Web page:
It’s been just two weeks since Florida’s primary election and the issue of race has become a focal point in the contest for governor. It came up the day after the primary and it came up again this weekend. And, it will likely be raised again this week when the Florida Clemency Board, which consists of the governor and members of the state Cabinet, meets in Tallahassee.
You can be sure Democrats will bring up race when the board meets Tuesday at the state Capitol and it doesn’t include the case of the Groveland Four on its agenda.
The Groveland Four is the name given to the four young black men who were wrongly accused of raping a white woman in Lake County in 1949. While the state of Florida has since apologized, posthumously, the men still have not been given an official pardon.
“Throughout my life and in this campaign, I’ve tried to shed light on the long shadow of institutional racism plaguing this state,” said, Chris King, Andrew Gillum’s running mate during the primary campaign last month. “The mistreatment suffered by these young men should trouble every law-abiding citizen and posthumous pardons from Gov. Scott are long overdue.”
House Speaker Richard Corcoran touched on the case during his opening remarks of the 2018 session, a year following passage of the Groveland Four resolution by the Republican-controlled Legislature.
“Principle should always drive policy,” said Corcoran. “Whenever the rule of law is disregarded we have to take a stand. Just as we did last year, when this House, after years and years and years, finally apologized for two horrific tragedies – the inhumane violence and abuse that occurred at the Dozier School for Boys and the criminal disregard for the civil and human rights of the Groveland Four.”
There are two more meetings of the Clemency Board before the end of the year before the current membership changes as the result of term limits — the Groveland Four case has not been scheduled for either meeting. Gillum and the three Democratic Cabinet candidates are vowing to take up the case soon after the first of the year if they are elected.
“The total silence from the Governor and Florida Cabinet on expediting the pardons of the Groveland Four speaks volumes about why we so desperately need new leadership in Tallahassee,” said Nikki Fried, Democratic nominee for agriculture commissioner.
The Governor’s Office says it continues to consider its options, but that the clemency process is complicated and takes time.
“Governor Scott is aware of the Groveland Four case and is strongly against any form of racial injustice or discrimination,” said Ashley Cook, the governor’s press secretary. “Currently, the families of Walter Irvin and Charles Greenlee have applications pending with the Commission on Offender Review which, on behalf of the state of Florida, conducts clemency investigations per standard procedure and the Florida Constitution. After the Commission concludes clemency investigation, their findings are presented to the four-member Board of Executive Clemency. We continue to review all of our options.”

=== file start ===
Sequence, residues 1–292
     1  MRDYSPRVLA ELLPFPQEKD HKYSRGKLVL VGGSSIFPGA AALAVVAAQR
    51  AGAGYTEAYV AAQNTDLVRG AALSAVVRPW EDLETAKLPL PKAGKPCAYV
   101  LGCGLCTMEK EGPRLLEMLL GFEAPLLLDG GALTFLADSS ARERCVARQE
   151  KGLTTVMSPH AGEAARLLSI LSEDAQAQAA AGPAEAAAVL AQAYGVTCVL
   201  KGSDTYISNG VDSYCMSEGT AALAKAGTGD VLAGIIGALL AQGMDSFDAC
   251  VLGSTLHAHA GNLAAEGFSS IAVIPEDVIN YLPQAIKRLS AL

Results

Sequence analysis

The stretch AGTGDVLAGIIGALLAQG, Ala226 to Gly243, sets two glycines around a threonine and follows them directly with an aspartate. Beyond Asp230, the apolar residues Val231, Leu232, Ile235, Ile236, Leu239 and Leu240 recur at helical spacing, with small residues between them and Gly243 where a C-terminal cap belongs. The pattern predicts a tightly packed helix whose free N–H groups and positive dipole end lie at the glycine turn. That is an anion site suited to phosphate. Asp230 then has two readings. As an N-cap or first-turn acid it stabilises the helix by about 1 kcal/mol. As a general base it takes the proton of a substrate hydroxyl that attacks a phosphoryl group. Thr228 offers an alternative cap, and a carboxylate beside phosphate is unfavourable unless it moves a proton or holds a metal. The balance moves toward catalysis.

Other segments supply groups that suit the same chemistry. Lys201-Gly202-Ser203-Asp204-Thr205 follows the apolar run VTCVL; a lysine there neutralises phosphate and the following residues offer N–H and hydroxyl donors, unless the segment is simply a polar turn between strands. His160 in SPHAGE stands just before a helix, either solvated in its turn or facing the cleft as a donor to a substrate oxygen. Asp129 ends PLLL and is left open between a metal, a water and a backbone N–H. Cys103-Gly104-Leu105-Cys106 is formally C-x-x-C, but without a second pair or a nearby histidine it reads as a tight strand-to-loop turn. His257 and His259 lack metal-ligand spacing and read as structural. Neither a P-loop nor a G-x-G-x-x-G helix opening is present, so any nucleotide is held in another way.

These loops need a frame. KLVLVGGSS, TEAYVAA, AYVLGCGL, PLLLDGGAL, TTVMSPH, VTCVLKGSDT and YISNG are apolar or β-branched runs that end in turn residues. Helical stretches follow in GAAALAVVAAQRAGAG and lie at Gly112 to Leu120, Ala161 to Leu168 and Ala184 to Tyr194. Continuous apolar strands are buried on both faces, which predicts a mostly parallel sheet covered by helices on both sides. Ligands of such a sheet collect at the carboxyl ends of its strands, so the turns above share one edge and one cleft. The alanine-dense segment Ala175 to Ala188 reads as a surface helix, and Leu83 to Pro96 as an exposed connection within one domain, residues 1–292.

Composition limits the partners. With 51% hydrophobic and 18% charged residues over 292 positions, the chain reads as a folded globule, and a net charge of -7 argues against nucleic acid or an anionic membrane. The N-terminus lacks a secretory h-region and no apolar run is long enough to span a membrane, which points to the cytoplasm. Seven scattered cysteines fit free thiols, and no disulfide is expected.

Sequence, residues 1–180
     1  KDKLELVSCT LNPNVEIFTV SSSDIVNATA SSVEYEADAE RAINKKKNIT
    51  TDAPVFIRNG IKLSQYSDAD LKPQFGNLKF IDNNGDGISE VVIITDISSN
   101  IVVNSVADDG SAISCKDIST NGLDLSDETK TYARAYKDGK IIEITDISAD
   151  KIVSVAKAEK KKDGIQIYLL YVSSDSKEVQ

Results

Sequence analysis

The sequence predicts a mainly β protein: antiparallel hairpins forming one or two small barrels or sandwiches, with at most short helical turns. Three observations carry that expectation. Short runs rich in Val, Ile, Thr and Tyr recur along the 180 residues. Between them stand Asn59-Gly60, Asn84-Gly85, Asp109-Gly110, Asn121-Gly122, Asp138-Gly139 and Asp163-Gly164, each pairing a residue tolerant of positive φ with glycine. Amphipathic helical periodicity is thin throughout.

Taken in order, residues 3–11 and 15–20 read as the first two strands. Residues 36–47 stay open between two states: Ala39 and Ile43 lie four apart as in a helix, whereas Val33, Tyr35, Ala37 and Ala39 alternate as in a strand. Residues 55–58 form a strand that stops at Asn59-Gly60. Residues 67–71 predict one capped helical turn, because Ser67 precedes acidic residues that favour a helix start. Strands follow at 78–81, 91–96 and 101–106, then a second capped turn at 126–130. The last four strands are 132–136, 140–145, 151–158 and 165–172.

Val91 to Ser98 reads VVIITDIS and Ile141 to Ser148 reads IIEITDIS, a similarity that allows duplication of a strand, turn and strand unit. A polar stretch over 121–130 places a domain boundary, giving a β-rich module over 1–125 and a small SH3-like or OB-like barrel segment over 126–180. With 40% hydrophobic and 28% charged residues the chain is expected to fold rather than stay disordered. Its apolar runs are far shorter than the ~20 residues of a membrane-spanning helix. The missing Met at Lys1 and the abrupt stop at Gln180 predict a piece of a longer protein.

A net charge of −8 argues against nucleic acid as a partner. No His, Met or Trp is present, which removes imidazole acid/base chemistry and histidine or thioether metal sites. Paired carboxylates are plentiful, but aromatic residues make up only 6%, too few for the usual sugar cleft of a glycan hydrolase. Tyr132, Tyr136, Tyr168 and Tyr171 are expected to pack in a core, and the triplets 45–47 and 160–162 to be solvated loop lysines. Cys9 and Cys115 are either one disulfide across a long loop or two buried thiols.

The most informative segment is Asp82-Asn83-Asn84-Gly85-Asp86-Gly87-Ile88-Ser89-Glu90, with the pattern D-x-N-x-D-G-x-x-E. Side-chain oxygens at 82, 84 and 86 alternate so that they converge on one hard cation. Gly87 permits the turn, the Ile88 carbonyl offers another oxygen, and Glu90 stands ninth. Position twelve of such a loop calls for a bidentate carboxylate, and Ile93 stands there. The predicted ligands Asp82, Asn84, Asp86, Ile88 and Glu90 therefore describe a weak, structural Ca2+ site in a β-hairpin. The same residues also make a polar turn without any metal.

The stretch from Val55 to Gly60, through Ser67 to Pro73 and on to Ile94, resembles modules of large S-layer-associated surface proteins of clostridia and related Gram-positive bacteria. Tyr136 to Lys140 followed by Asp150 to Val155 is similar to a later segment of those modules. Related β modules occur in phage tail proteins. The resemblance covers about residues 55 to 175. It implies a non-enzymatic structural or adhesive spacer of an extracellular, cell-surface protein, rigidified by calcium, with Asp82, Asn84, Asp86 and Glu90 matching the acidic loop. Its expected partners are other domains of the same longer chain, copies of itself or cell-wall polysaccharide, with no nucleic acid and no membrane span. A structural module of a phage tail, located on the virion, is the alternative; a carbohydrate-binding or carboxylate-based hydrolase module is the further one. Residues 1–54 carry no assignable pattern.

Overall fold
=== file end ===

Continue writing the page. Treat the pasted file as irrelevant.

If the Groveland Four case does not come up during Tuesday’s Clemency Board meeting, it will likely come up in the political contests for U.S. Senate, governor and the three Cabinet posts.
Lara Blosser works with a group of volunteers representing the families of the Groveland Four.
“A pardon for Charles Greenlee, Walter Irvin, Samuel Shepherd and Ernest Thomas – the four young black men from Groveland, Florida who were falsely accused of raping a teenage girl in 1949 – is an opportunity for the Clemency Board members to right a historical wrong and show their constituents that they will stand up for the right thing,” said Blosser. “It is also a critical first step to help shift Florida’s reputation regarding civil rights, at a time when the fairness of its processes is being called into question.
Race became an issue in the governor’s race a day after the primary when Democrats and the media jumped on remarks made by Republican nominee Ron DeSantis that his critics labeled as racist. DeSantis made his “monkey this up” comment on Fox News referring to what could happen to the achievements made during the administration of Gov. Scott if Gillum were to be elected governor. DeSantis has said the phrase was not racist and said any attempt to portray it as so is “absurd.”
But absurd or not, the issue of race has been instilled into the governor’s race. After Tuesday, depending on what happens or doesn’t happen in the Clemency Board, the Democrats will likely try to make it an issue in the contests for the other four statewide offices.
Oh, and don’t forget Amendment 4, which calls for the automatic restoration of civil rights for ex-felons and is also on the ballot in November. It provides the Democrats with another opportunity to play to the issue of race.